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    • GMH says:

      There are multiple two-seam grips, so I doubt Brian Wilson is engaging in “psychological warfare.” The cutter can be thrown with a two-seam grip as well.

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  7. Gobstopper says:

    Great post – Enjoy this kind of analysis

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  8. Alan Nathan says:

    Color-coding the deflection plots according to release speed allows a more clear-cut pitch identification, especially when trying to distinguish cutter from slider. Presumably the slider is thrown a few mph lower speed than the cutter. Also helps distinguishing 2S from changeup, which often have the same spin deflection but obviously different speeds.

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    • Mike Fast says:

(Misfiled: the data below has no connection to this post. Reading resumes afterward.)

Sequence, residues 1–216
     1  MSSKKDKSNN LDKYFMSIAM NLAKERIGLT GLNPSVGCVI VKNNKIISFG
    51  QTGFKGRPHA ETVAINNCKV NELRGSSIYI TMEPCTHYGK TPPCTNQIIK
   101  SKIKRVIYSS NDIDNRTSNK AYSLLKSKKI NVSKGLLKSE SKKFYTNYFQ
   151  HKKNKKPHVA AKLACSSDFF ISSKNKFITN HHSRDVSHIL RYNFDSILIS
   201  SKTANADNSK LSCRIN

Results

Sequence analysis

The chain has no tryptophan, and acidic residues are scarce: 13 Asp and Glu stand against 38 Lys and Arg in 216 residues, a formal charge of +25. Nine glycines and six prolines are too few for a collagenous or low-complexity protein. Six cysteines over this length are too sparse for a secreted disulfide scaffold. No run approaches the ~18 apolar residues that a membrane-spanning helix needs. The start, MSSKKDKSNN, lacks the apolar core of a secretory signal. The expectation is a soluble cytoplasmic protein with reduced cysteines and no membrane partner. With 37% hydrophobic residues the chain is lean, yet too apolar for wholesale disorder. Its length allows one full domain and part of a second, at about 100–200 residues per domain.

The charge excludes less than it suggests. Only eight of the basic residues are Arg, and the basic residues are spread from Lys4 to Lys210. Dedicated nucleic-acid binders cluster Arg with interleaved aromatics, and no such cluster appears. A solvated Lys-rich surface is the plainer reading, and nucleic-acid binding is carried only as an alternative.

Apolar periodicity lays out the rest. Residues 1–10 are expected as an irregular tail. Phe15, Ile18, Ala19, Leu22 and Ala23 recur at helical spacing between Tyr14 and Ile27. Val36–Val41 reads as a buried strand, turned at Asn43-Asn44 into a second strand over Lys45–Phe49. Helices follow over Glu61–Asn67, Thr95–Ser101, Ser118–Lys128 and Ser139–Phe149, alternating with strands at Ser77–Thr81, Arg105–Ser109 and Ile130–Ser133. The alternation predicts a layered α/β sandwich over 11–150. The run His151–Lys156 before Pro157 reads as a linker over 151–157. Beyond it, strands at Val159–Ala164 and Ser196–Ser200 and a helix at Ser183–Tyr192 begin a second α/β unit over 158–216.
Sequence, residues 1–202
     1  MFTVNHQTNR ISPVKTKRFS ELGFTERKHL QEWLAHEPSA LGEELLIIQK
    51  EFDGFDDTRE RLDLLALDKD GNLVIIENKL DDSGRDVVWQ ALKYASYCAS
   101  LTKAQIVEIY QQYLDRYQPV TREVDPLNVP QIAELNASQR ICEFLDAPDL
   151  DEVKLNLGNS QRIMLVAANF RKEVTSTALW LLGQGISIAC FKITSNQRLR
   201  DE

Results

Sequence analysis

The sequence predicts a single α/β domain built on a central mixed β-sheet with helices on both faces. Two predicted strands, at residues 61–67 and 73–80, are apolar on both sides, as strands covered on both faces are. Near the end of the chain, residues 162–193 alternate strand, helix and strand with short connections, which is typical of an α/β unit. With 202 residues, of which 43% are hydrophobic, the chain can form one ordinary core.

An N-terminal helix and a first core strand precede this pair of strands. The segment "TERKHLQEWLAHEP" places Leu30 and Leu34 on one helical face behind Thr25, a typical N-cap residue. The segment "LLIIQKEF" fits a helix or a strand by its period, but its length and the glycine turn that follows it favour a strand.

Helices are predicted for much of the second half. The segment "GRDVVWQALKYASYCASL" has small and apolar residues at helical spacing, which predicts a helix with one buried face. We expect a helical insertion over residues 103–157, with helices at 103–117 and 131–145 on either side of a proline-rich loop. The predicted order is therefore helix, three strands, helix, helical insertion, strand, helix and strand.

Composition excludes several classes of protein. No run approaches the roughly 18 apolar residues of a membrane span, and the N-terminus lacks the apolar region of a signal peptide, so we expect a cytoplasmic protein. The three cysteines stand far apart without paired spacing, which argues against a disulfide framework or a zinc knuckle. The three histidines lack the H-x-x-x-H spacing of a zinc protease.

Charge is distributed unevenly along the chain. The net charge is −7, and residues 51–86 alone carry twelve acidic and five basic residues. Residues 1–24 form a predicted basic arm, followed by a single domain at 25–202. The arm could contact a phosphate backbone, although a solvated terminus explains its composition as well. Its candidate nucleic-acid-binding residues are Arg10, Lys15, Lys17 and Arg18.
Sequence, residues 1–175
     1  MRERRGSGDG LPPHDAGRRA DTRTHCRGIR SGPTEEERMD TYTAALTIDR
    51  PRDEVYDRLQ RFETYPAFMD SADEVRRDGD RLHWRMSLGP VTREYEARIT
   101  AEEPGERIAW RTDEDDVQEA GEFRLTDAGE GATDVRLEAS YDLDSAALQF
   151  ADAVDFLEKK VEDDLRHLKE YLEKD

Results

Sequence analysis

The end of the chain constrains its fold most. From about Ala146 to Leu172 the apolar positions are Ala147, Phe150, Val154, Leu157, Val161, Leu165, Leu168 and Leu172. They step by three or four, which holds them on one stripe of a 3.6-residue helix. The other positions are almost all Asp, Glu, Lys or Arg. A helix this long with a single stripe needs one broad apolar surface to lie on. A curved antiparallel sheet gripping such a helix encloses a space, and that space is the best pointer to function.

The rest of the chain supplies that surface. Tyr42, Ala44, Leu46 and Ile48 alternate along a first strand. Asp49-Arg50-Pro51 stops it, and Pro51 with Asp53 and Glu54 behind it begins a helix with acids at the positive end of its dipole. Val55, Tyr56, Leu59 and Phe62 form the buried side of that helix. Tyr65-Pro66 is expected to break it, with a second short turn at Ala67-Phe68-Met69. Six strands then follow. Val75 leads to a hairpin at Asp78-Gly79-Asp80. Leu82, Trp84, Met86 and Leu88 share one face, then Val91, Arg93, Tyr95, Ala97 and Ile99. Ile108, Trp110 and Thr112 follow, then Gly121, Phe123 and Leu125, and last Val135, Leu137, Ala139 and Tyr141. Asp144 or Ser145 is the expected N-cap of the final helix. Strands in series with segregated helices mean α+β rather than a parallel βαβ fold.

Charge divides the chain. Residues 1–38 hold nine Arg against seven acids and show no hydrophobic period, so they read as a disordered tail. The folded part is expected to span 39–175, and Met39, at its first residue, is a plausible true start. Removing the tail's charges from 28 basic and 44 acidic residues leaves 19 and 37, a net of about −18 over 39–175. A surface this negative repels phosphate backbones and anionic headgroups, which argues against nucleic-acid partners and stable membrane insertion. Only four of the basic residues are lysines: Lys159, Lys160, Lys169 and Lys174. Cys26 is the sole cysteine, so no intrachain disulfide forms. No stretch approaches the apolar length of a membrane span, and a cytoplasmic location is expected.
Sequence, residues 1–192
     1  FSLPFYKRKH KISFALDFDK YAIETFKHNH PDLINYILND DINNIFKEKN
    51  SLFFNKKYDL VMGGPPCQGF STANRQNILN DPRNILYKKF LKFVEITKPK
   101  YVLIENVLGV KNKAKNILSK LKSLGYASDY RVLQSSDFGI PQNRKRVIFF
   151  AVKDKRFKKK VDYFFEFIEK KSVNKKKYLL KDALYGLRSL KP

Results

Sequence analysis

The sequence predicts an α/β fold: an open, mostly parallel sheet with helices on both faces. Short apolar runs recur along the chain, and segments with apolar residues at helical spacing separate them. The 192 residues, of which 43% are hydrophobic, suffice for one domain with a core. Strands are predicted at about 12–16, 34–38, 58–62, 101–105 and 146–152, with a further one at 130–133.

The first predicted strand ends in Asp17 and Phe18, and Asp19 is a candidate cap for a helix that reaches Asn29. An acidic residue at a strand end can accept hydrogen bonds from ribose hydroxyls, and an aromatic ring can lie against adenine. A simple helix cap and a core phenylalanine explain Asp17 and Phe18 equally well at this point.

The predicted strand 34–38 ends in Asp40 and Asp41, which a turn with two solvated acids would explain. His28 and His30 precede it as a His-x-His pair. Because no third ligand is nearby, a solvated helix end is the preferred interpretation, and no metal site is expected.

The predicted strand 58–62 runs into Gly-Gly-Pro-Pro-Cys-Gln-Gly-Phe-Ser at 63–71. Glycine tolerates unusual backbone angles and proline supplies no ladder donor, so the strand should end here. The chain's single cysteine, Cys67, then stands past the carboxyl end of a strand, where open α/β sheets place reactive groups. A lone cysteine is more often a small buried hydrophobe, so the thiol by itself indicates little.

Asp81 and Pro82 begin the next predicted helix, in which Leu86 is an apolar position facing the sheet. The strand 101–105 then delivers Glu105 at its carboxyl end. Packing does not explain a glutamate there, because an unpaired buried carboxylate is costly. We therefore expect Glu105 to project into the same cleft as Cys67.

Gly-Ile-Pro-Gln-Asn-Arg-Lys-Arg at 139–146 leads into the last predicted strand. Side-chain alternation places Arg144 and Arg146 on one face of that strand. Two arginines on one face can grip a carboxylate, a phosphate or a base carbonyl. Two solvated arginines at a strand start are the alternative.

In general I agree that can be helpful, Alan, but in Brian Wilson’s case it doesn’t seem to be very illuminating. I believe that he mainly throws the 89-mph pitch with 0-5 inches of positive vertical spin deflection, which is a borderline cutter. He has also thrown 10-15 pitches this year with slightly lower vertical spin deflection that might be more traditional sliders. They are also probably a hair slower in speed. It’s not clear to me without looking in more detail at the usage of those pitches whether they actually constitute a distinct pitch type or whether they are simply a slight variation on his cutter.